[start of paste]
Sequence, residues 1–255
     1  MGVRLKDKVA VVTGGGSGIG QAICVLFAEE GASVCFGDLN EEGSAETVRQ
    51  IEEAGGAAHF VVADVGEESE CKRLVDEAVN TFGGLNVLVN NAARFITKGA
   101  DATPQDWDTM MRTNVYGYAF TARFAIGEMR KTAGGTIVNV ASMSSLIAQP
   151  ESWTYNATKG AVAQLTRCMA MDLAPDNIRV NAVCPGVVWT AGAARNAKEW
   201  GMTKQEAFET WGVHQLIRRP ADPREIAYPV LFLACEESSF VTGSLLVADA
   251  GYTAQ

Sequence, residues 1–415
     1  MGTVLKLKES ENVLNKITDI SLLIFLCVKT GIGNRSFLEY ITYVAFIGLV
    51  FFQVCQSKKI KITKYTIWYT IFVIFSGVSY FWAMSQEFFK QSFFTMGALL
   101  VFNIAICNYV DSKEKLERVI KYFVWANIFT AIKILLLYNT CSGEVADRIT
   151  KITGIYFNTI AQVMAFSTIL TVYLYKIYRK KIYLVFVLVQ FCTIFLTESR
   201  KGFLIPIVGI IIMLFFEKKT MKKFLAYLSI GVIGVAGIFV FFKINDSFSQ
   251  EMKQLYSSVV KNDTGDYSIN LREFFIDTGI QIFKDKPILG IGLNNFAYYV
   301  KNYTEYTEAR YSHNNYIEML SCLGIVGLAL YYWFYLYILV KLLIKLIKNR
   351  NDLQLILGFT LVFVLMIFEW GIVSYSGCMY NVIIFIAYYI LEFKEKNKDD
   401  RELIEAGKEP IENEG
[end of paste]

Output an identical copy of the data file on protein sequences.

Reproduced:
Sequence, residues 1–255
     1  MGVRLKDKVA VVTGGGSGIG QAICVLFAEE GASVCFGDLN EEGSAETVRQ
    51  IEEAGGAAHF VVADVGEESE CKRLVDEAVN TFGGLNVLVN NAARFITKGA
   101  DATPQDWDTM MRTNVYGYAF TARFAIGEMR KTAGGTIVNV ASMSSLIAQP
   151  ESWTYNATKG AVAQLTRCMA MDLAPDNIRV NAVCPGVVWT AGAARNAKEW
   201  GMTKQEAFET WGVHQLIRRP ADPREIAYPV LFLACEESSF VTGSLLVADA
   251  GYTAQ

Sequence, residues 1–415
     1  MGTVLKLKES ENVLNKITDI SLLIFLCVKT GIGNRSFLEY ITYVAFIGLV
    51  FFQVCQSKKI KITKYTIWYT IFVIFSGVSY FWAMSQEFFK QSFFTMGALL
   101  VFNIAICNYV DSKEKLERVI KYFVWANIFT AIKILLLYNT CSGEVADRIT
   151  KITGIYFNTI AQVMAFSTIL TVYLYKIYRK KIYLVFVLVQ FCTIFLTESR
   201  KGFLIPIVGI IIMLFFEKKT MKKFLAYLSI GVIGVAGIFV FFKINDSFSQ
   251  EMKQLYSSVV KNDTGDYSIN LREFFIDTGI QIFKDKPILG IGLNNFAYYV
   301  KNYTEYTEAR YSHNNYIEML SCLGIVGLAL YYWFYLYILV KLLIKLIKNR
   351  NDLQLILGFT LVFVLMIFEW GIVSYSGCMY NVIIFIAYYI LEFKEKNKDD
   401  RELIEAGKEP IENEG